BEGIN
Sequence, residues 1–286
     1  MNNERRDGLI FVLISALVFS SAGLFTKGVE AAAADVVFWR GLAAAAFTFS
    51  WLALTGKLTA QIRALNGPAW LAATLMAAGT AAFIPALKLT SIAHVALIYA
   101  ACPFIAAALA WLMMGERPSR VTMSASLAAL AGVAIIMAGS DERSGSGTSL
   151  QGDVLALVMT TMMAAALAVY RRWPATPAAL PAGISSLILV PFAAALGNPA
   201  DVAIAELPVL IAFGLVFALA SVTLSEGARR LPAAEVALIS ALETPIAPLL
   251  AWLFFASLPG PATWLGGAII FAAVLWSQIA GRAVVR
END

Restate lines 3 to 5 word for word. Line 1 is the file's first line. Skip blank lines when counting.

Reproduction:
    51  WLALTGKLTA QIRALNGPAW LAATLMAAGT AAFIPALKLT SIAHVALIYA
   101  ACPFIAAALA WLMMGERPSR VTMSASLAAL AGVAIIMAGS DERSGSGTSL
   151  QGDVLALVMT TMMAAALAVY RRWPATPAAL PAGISSLILV PFAAALGNPA